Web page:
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In the last section, we discussed the Amends process for helping recovering addicts reconnect with their families.
Do you have a client who uses spirituality as part of his or her recovery?
In this section, we will discuss the four spiritual principles most helpful in the late stage of family recovery from addiction. These four spiritual principles are harmony, balance, service, and community.
As you have experienced, as the family enters late recovery, trust and comfort begin to be experienced more regularly. I have observed that family members at this stage also begin to accept that hard work and struggles build intimacy, and begin to rediscover a sense of purpose.
My client, Esperanza, stated "I’ve been sober ten years now, and sometimes friends ask me why I keep going to so many AA meetings. I tell them, it’s because of my husband Donnie. I know everything about him, what all his little facial expressions mean. We’ve been together more than twenty years now, and I don’t know what I’d do without him. I almost lost him because of my drinking, and our relationship almost didn’t last. But as I got sober, cleared my head, I rediscovered all of these wonderful things we have. It was hard work, and it still sometimes, but I’ll do whatever it takes to keep it this way."
4 Spiritual Principles for Late Stage Recovery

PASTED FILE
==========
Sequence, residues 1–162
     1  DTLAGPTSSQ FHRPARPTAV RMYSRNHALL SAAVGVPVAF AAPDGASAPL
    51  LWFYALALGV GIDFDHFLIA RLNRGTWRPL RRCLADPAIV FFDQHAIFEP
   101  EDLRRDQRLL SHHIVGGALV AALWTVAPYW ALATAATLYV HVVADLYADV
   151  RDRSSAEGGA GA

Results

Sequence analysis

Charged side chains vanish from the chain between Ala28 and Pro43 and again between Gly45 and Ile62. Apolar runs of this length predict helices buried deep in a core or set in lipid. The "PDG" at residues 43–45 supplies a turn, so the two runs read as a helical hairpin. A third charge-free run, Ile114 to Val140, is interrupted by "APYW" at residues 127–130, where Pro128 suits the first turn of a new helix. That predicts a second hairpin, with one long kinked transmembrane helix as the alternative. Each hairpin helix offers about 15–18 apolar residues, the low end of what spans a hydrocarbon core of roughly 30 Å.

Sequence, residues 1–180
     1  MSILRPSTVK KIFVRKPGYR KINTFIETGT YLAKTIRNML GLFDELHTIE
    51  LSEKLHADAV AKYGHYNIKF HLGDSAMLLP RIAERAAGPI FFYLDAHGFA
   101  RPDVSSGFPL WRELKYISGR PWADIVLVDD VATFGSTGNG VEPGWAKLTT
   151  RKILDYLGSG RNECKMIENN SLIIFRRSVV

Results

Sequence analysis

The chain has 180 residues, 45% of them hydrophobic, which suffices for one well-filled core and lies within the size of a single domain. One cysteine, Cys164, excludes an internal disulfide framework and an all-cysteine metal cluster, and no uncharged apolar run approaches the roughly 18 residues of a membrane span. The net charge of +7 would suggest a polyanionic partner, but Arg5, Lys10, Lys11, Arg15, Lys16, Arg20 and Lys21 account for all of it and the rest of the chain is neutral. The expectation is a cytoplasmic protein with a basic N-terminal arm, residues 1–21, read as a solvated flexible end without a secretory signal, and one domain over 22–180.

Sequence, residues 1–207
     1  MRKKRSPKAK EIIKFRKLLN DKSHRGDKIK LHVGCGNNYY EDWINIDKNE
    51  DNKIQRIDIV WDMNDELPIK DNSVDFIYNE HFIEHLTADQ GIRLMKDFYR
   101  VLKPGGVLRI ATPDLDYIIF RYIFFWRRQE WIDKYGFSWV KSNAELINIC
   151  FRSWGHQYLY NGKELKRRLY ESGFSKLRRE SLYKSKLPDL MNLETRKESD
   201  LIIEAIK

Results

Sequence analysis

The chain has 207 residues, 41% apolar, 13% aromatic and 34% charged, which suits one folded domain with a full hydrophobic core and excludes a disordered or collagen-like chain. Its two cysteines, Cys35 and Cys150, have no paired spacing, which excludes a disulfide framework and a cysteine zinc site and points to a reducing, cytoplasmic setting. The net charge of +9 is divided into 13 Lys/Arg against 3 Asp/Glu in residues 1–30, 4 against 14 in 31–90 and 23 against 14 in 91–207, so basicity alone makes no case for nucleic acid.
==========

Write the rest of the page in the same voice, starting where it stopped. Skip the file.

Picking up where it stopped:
♦ Principle # 1 - Harmony
♦ Principle # 2 - Balance
My client Joyce told me, "I used to fight with Mark about child care, even after he stopped drinking. But now we’ve managed to come up with something that helps us both. I switched my work schedule so that I can always stay home with the kids when he has a meeting. Then Mark saves me time by doing our shopping on his way home from the meetings, so that I don’t have to worry about it." As you can see, Joyce and Mark have developed the ability to see how important they both are in creating a healthy and loving family.
♦ Principle # 3 - Service
♦ Principle # 4 - Community
Joyce stated, "for a couple of years I didn’t do anything with anyone outside of my support group. But Mark and I have started reconnecting with our old friends, hosting dinners. And now, every Christmas, we do one of those programs where we buy gifts for a child in need. It makes us feel like we’re both doing something important together." Have you found that community service can make recovering families feel empowered and strong?
Even in late recovery, I found it important to remind Mark and Joyce that recovery from addiction is a process, and a journey, not an event or a destination. As you have experienced, it takes commitment and hard work over a long period of time to heal deep wounds and rebuild a healthy family.
♦ Technique: Reaching Out
I have often seen that participating in a service project as a family can help strengthen relationships, and build pride in the family. Mark stated, "doing the toy program really reminds me not only of my own good qualities, but of how good Joyce and I are together. I mean, we’re really helping.
In this section, we have discussed the four spiritual principles most helpful in the late stage of family recovery from addiction. These four spiritual principles are harmony, balance, service, and community.
Peer-Reviewed Journal Article References:
Lee, M. T., Pagano, M. E., Johnson, B. R., Post, S. G., Leibowitz, G. S., & Dudash, M. (2017). From defiance to reliance: Spiritual virtue as a pathway towards desistence, humility, and recovery among juvenile offenders. Spirituality in Clinical Practice, 4(3), 161–175.